(I leave you with the harrowing tale of Henry Hudson, set adrift with his young son to die on the icy Bay that afterward bore his name, Betrayed by a mutinous crew led by his first-mate, Joel, “a gutter-snipe ‘pressed’ from the streets of Bristol.” What can one expect from a starving, disheartened crew and a first-mate kidnapped and pressed into service against his will, one might ask, but the author’s sympathies are unquestionably with Hudson here.)

Lumberjanes Volume 1: Beware the Kitten Holy (2015)

One of the cool things about the teenaged girls in my life having less-than-perfect organizational skills is that friends sometimes leave interesting things at our place rather than just piles of dirty clothes, shoes, make-up, questionable forms of former-food stuffs…

The other day I stumbled upon a graphic novel, Lumberjanes, the owner of which has apparently disappeared into the Black Hole of Lost Friendships. Perfect, I said: I can read that and pass it on to the Women’s Family Shelter, which is where old clothes and reviewed books from our house go to live a second (or third) life.

Lumberjanes

Written by Noelle Stevenson and Grace Ellis; Illustrated by Brooke Allen; Colours by Maarta Laiho; Letters by Aubrey Aiese

I’d heard of Lumberjanes; in fact, I recall seeing it on a display table at Emerald City Comicon, but foolishly passed it by. A shame, really, as I could have got a special “Emerald City Comicon special cover”…

My daughter tells me that the novel is strongly feminist, and fun, but that really is not giving the cleverness its due. Adventures are had! Canoes are paddled! Inter-textual allusions are made! Stereotypes are overturned! Puns are constructed! Math is employed! Lumberjanes has something for everyone. Seriously. Or not.

I had to admit, though, that I was not sure if there was going to be any degree of humour as I began, nor was I sure there would be any disrupting feminist portrayals. The introduction is a very artfully constructed expression of an ideology strongly paralleling that of the Girl Guides of Canada—without the imperialist military history—and thus deeply normalized in my own experience of being a teen. The textual precursors to the graphic narrative in each chapter likewise seem to present the characteristic woodcraft challenges Girl Guides engage in (or used to) and the social and emotional development they strive towards. Sort of.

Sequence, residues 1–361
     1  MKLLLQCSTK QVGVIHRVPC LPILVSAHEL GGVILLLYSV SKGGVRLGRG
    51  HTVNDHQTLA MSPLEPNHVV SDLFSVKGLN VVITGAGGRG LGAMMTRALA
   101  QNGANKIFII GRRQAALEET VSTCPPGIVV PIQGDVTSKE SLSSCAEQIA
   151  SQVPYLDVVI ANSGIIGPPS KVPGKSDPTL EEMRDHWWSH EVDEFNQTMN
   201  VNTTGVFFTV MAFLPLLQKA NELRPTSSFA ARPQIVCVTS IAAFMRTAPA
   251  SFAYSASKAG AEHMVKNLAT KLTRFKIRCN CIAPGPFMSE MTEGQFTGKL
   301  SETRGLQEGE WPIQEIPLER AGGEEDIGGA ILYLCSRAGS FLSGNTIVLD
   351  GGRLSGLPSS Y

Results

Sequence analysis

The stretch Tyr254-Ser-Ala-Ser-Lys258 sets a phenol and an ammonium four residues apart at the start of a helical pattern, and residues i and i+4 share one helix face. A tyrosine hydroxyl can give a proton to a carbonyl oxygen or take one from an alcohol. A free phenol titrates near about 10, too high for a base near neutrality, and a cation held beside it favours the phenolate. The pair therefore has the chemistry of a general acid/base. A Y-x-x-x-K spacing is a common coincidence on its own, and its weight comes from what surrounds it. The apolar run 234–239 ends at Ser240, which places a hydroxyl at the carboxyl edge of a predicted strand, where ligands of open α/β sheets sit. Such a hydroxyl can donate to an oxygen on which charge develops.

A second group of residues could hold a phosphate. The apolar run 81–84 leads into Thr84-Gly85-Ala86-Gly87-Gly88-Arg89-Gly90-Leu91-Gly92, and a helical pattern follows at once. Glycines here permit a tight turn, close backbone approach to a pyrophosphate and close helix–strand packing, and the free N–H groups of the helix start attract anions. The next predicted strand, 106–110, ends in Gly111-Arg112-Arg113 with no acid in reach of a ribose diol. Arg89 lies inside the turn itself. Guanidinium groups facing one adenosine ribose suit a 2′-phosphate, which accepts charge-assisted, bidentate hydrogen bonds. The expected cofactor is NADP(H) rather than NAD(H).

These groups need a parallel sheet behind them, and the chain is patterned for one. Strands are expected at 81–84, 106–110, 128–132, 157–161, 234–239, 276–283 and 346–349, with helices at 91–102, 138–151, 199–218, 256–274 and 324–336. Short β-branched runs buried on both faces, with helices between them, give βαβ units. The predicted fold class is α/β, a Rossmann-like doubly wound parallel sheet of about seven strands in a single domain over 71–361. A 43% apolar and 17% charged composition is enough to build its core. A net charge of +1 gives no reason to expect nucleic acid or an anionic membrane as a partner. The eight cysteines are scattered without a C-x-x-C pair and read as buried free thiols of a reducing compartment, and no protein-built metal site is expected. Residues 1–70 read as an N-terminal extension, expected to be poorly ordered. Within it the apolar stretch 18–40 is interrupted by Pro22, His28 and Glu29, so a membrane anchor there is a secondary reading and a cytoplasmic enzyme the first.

There is an underlying sarcasm to the tone of the Lumberjanes Field Manual that increases as the novel progresses. For the “Everything Under the Sum” badge, for example, Lumberjanes are expected to “map accurately and correctly from the country itself the main features of a half mile of road, with 440 yards each side to a scale of two feet to the mile, and afterwards draw the same map from memory.” She must “be able to measure the height of a tree, a telegraph pole, and a church steeple”; “to measure the width of a river estimate the distance apart of two objects a known distance away and unapproachable”; and “have a basic understanding of theoretical mathematics and the basic laws of physics.” (I wonder if this is actually taken from some archaic nautical test book?) The basic knowledge of theoretical mathematics, though, does turn out to be crucial. A bit of plot now to elucidate…